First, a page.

Tuesday, February 3, 2015

Lincoln Park Shopping Center

Nicholas Eckhart
nicholas@deadanddyingretail.com
 Last Updated: February 3, 2015

Sears and Dollar Tree are the only shopping center businesses that remain operating as of 2015. A Big Boy restaurant and a Bank of America branch are located on out-parcels in front of the shopping center.
 Lincoln Park Shopping Center, Lincoln Park, Michigan

           In 1957 the Detroit suburb of Lincoln Park welcomed a brand new shopping center with 30 stores, 3,000 parking spots, and over 600,000 square feet of interior space with great fanfare. The shopping center was one of the largest, if not the largest shopping center in the Detroit area, for over ten years until the mall building craze finally reached Detroit around 1970. A majority of the shopping center was located in Lincoln Park, while Albert's Market and Detroit Typewriter Mart were located behind Sears and within the limits of neighboring Allen Park. There is a list on another site of the 30 original tenants of the Lincoln Park Shopping Center.

          Sears opened a year before the rest of the shopping center (1956). Throughout the 1960s, the Sears store was one of the top grossing stores in the chain; in fact it was number one for some time. Due to the massive amount of business, Sears added onto its auto center during the 1960s. That expansion brought the store to its current size of 277,218 square feet; which made it one of the largest Sears stores at the time. The Sears store is still one of the largest in the chain nearly 60 years later.

          By the mid 1980s it was clear the Lincoln Park Shopping Center would need to update itself in order to keep thriving. A number of malls were built in the Detroit area and took some business away from the shopping center. Kroger had also left the shopping center for a "greenhouse style" store a mile south on Dix Highway. That Kroger later moved across the road from the Lincoln Park Shopping Center in the 1990s where it remains today. There were also other sizable vacancies in the shopping center. One thing was clear; the shopping center needed to bring in more anchor stores if it was ever going to be a powerhouse again. So in the 1980s the shopping center did just that.

          The shopping center was renovated, the movie theater was expanded to eight screens, and a number of new stores moved in. Some of those new stores were Dunham's Sporting Goods (in the old Kroger space) and an F&M Super Drug store that was built from the ground-up near Dix Highway. Behind Sears the Albert's Market was razed and Farmer Jack took over part of the Detroit Typewriter / Giant office Equipment building; using the space where Albert's was as a parking lot. In 1995 the shopping center's last remodel happened. I believe both KB Toy Works and Old Navy opened around that time. The Lincoln Park Shopping Center broke into the 21st century with an occupancy rate around 100 percent.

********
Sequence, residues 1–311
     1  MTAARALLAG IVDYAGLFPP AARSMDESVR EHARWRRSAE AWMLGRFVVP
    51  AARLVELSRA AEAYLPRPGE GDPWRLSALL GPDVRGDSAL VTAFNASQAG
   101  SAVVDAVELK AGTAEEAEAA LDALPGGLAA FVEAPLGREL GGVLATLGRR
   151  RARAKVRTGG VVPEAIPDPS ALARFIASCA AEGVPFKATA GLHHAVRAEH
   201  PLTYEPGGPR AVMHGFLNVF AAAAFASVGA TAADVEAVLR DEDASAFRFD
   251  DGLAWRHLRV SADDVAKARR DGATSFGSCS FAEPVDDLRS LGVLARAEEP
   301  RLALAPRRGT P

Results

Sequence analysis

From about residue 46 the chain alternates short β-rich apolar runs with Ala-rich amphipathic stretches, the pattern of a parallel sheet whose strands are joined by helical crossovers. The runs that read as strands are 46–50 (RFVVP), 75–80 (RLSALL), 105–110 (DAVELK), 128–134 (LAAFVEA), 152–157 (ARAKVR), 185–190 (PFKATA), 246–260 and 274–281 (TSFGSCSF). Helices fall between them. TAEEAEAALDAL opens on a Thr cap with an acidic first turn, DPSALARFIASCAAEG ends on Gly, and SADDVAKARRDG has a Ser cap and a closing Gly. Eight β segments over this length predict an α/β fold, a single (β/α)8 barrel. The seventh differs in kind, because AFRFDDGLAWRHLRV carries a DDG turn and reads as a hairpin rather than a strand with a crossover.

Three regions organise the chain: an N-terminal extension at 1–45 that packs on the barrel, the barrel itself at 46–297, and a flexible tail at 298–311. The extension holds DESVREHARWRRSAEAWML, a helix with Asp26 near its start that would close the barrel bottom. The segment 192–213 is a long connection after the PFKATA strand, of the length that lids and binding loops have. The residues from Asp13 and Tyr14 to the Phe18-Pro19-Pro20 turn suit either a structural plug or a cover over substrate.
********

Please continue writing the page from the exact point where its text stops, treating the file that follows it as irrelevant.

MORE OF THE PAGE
Lincoln Park Shopping Center Today

The strip mall area
Rest of the strip mall not pictured in first shot.
Throughout the 2000s and into the 2010s, stores left the shopping center one by one until only Sears and Dollar Tree were left. Some closures were due to company bankruptcies; this was the case with Harmony House (2002) and KB Toy Works (closed in a wave of closings in 2007 / 2008 when the company was emerging from bankruptcy). Other retail stores such as RadioShack, Dunham's, Old Navy, and GameStop moved to other nearby shopping centers. Stores such as Famous Footwear and GNC closed without relocating because other stores were fairly close by. Independent businesses either closed or moved elsewhere. Walmart had wanted to build a store at the shopping center since around 2007. According to those plans the strip mall and the old Giant Office Equipment store would have been demolished and a supercenter would have been constructed on the property. Another retailer planned to open in the former Farmer Jack store. The Walmart plans all fell through do to a legal dispute between the shopping center and Sears over who owns the delivery easement behind the strip mall. It was found that Sears still owns that part of the land; which essentially gave Sears the power to block Walmart's plans. Today much of the shopping lies vacant and in disrepair.